Can I be referred by my GP?
Your GP can refer you but as it is a private service you will still have to pay for the appointment.
Could I be eligible for free treatment by the NHS?
The NHS eligibility criteria depends on the seriousness of the condition but it changes frequently. As a rule if you have a medical condition you can expect to receive at least an assessment by an NHS podiatrist. However there is no guarantee you will receive any treatment (depending on the condition), it can take a very long time to get the first appointment and no consideration is given to how convenient the given appointment time is for you. If you would like to start treatment as soon as possible you could still apply for an NHS appointment and while waiting come to see the podiatrist privately when it suits you.
The NHS Podiatry Service in Somerset do not offer verruca treatments.
I have diabetes and have been told I should only see a NHS podiatrist
This advice is sometimes given as the quality of treatment offered in the private sector can vary widely. Mr Thomson has a lot of training and experience of treating diabetic foot problems, including ulcers, in both the NHS and private sectors and is able to deal with the majority of cases. The practice also has a higher level of diagnostic equipment than most NHS foot clinics. In some cases it is neccessary to involve other NHS specialists but the practice at Paulton is a good starting point, your needs will be assessed and a treatment plan formed when you visit.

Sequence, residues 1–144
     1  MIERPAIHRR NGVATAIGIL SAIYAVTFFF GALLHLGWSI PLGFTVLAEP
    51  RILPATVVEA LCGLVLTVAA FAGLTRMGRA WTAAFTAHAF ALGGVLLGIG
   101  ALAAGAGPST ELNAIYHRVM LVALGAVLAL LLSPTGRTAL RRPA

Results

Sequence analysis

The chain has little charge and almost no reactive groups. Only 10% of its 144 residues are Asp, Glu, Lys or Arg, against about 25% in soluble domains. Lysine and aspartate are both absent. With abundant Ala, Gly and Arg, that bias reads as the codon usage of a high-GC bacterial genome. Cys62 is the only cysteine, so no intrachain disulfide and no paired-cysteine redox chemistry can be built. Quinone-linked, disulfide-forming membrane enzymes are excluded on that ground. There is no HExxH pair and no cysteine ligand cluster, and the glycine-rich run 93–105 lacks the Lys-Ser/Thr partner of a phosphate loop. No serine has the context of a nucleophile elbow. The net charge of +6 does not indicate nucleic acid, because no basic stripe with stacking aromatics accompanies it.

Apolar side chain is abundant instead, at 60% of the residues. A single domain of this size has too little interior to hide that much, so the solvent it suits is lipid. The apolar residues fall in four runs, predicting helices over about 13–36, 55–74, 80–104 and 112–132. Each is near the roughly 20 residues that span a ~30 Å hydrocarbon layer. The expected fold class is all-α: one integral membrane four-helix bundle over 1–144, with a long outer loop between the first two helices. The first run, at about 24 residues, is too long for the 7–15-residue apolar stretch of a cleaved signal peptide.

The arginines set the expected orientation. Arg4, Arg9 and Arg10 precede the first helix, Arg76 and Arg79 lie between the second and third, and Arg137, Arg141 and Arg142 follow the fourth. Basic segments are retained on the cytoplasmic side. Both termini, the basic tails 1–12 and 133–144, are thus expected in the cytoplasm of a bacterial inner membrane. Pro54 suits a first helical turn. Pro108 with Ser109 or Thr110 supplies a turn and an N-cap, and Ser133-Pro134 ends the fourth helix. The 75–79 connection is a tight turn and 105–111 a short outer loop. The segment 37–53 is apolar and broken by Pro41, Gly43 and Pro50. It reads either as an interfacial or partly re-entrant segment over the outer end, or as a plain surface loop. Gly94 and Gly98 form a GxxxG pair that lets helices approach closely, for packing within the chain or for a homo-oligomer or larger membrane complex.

How do I know that you can help the condition I have?
A podiatrist is the only specialist for feet so if it is a foot problem you have it is best to try one first. Feel free to ask for advice when you book the appointment if you are not sure.
I've heard chiropody treatment can be painful, is this true?
In 99% of cases this should not be true at all. Mr Thomson is a very gentle, though thorough, practitioner and most patients find the treatment actually very relaxing. Some verrucae treatments can be painful but there are milder treatments that can still work, especially if the treatment is started early.